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The Mass Media

The Mass Media

The Mass Media

2-26-24 PDF
February 26, 2024
An inside look at Bobby B. Beacon’s insides. Illustrated by Bianca Oppedisano/ Mass Media Staff.
Bobby's Inside Story
February 26, 2024

Construction Countdown

The site of the future Integrated Science Complex, slated to
open in 2013.

The site of the future Integrated Science Complex, slated to open in 2013.

Since the first classes called attendance on the Columbia Point
Campus in 1974, thousands of students have enrolled and earned
their degrees within the same redbrick buildings. Now, 37 years
later, the loud bangs of pile-driving echoes in the Peninsula and
Harbor Point apartment complexes. These piles will form the basic
foundation of Columbia Point Campus’s first new academic building:
the Integrated Sciences Complex.

The 220,000 square foot, 6 story, 155 million dollar Integrated
Sciences Complex (ISC) is expected to be open for business by the
beginning of Fall term, 2013. Designed by architect Goody Clancy,
the building is being erected at the entrance of Columbia
Point.

The Division of Capital Asset Management (DCAM) and the UMass
Building Authority are responsible for overseeing the construction
of new facilities on the UMass Boston campus. Recently, DCAM and
the UMass Building Authority signed a Project Labor Agreement (PLA)
that requires that construction be performed by union
laborers.

The goals for the PLA are that 50 percent of the people working on
the ISC are Boston residents, 25 percent minority and 10 percent
female, thus ensuring mutual benefit to the UMass System, the
State, and local workers.

Chancellor Keith Motley looks forward to overseeing the project
that will usher in a new academic building. “The Integrated
Sciences Complex represents a significant step forward in our
continued commitment to provide access to high-quality education
for our students.”

UMass Boston junior Tyler O’Brien, an environmental earth and ocean
science major and leader in the Student Success Center says: “not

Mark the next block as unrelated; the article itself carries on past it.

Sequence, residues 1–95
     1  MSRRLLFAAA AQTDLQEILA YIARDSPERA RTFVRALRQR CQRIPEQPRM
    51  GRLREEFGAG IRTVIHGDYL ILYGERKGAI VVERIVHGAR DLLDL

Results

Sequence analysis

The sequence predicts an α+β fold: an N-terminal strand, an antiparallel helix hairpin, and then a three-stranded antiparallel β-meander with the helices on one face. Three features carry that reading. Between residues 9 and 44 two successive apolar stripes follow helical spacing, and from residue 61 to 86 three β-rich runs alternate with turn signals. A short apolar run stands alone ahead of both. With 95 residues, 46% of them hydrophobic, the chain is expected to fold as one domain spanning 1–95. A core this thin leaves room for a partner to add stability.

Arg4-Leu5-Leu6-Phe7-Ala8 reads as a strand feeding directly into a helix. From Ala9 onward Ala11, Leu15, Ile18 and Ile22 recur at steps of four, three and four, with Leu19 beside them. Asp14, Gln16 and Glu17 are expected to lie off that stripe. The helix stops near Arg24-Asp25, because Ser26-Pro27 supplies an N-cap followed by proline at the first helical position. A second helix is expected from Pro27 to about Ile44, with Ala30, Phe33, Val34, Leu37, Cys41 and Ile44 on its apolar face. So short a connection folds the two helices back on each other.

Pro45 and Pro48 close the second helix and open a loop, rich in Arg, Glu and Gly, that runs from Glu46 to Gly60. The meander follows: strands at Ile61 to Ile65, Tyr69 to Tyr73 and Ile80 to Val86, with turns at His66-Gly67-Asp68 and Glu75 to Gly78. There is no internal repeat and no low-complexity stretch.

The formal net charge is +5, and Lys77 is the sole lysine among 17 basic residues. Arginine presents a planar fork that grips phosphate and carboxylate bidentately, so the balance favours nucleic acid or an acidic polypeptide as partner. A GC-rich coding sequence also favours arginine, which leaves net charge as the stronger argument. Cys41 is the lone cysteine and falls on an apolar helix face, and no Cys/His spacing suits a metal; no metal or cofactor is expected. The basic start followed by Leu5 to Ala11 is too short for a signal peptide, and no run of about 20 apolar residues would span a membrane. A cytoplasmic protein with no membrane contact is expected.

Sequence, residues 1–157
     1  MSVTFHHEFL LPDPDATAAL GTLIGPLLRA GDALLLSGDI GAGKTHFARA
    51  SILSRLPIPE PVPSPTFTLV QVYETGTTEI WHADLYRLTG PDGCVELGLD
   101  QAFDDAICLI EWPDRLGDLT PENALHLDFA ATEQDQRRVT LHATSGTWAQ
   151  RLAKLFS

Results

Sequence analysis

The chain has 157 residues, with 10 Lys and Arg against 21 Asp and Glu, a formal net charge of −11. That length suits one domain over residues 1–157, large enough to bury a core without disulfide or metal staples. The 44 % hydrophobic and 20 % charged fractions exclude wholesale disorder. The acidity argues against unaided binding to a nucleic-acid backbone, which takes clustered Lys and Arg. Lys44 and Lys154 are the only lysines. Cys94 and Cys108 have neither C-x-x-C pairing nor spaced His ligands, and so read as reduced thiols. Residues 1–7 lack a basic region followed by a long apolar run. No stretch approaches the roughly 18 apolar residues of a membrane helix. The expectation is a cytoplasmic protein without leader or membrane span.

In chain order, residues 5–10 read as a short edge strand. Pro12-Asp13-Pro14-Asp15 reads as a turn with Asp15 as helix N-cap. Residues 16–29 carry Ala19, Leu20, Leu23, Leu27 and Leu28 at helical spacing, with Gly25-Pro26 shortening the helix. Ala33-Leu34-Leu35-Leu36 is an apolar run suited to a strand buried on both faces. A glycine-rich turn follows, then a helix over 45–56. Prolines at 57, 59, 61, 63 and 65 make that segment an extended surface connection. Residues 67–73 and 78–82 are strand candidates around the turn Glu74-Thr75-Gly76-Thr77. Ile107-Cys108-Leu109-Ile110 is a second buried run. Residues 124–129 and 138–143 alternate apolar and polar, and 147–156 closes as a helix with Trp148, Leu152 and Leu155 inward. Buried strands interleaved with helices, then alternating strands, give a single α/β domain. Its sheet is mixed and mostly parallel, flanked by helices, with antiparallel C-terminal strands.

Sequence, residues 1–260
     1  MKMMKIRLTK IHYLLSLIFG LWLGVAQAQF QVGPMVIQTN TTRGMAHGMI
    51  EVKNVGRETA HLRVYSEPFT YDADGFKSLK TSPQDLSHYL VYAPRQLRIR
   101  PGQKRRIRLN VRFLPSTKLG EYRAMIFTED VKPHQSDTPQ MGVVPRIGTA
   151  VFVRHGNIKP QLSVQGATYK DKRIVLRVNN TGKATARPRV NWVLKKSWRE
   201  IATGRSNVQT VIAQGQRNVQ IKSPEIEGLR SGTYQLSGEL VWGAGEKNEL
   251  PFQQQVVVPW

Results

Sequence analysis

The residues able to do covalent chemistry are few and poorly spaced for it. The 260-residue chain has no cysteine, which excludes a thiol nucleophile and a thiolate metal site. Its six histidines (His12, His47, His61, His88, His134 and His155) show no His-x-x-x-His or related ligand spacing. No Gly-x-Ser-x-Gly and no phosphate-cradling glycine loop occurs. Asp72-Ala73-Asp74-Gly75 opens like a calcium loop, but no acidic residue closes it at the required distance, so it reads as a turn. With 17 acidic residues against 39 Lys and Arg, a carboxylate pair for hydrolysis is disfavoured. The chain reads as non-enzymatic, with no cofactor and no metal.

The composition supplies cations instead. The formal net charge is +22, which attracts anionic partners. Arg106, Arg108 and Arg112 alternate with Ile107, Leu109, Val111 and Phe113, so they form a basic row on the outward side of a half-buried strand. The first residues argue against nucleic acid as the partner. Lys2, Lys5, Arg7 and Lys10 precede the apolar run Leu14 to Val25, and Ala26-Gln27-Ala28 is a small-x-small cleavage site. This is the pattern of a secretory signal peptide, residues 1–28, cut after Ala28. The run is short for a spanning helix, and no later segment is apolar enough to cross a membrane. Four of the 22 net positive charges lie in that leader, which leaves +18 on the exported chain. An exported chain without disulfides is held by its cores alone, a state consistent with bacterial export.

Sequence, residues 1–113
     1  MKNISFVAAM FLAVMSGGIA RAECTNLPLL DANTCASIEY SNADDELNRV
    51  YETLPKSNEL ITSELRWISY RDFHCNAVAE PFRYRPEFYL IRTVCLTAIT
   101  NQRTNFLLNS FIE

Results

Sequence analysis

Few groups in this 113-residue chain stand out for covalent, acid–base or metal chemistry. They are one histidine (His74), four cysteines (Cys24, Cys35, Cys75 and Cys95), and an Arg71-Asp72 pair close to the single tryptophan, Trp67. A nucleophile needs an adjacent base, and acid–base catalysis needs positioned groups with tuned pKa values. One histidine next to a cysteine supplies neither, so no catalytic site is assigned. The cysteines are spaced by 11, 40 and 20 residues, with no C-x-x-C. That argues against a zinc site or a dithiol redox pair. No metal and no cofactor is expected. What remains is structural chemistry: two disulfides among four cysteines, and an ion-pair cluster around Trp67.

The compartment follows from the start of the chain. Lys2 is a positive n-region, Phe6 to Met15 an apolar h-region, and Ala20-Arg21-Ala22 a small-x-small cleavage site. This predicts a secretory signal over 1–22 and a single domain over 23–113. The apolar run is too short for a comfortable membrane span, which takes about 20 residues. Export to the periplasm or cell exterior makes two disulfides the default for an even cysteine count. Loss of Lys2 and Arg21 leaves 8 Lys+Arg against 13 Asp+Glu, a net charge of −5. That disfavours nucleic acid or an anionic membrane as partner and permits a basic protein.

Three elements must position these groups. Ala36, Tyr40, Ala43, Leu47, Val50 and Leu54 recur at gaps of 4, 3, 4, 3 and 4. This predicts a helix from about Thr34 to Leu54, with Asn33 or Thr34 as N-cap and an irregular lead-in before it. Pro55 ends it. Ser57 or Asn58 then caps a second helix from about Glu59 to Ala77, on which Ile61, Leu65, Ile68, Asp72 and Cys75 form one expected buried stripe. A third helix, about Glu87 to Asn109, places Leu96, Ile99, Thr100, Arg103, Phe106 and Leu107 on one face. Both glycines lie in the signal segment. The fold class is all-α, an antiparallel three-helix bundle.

only will the new building bring students top of the line research
and lab equipment, it will also allow students to look into the
future of cancer research.”

Indeed, the ISC will host a top of the line personalized cancer
therapy research center to aid in the school’s ongoing mission to
join real-life research with classroom education. UMass’
partnership with Dana Farber and its implementation of new,
high-tech cancer research facilities in the ISC demonstrate an
unfaltering dedication to science, medicine, and the advancement in
knowledge of its students.

Tyler added, “The money used for the Integrated Science Center is
keeping UMass Boston true to its word as one of the top science
research universities in the state. Now, future students will have
the best technology and professors right in front of them.”

Beyond the world-class personalized cancer therapy research center,
the ISC will also boast both wet and dry research labs, a
developmental sciences research center, the Infant Cognition Lab,
and an “interdisciplinary sandbox teaching lab.”

The goal of the ISC’s architectural design is laid out in a
framework written in early 2009. That goal is “to make doing
science a visible part of the learning environment; to enhance the
humanity and aesthetics of the campus including connection to our
beautiful waterfront; to make our new space adaptable and flexible
so that it continues to serve us well for decades to come.” There
has also been a great deal of discussion regarding a “sustainable
design.”

Holly Sutherland works closely with Ellen O’Connor on Master Plan
and Construction Communications. In an interview she elaborated on
some of the lesser-known but important ongoing projects

“Alongside the construction of the ISC, a little known but very
important building UMass Boston’s utility plant is getting a much
needed new roof and waterproofing improvements. Simultaneously
occurring is the creation of a new building known as the Medium
Voltage Switchgear Electrical Building is being created to house
the campus’ most vital electrical equipment. Wheatley’s roof has
been adorned with 350 solar panels expected to generated 10,000
dollars worth of green energy annually.”

The 25-year plan promises another new “general academic building”
scheduled to begin construction in 2012, new athletic and parking
facilities, additional educational buildings, and even residential
premises for students wishing to live on campus. Additionally,
improvements will be made to the Harbor Walk, which encircles the
school, as the shores there have undergone much erosion. UMass
Boston’s Campus will also be the site of the Edward M. Kennedy
Institute for the United States Senate.

Funding for the ISC specifically has been provided by the state
funded Higher Education Bond Bill, which contributed $100 million
dollars, which will be paid back to Massachusetts. The UMass Boston
Building Authority kicked in an additional $47 million. $5 million
came from Mass Development funds and $3 million University
funds.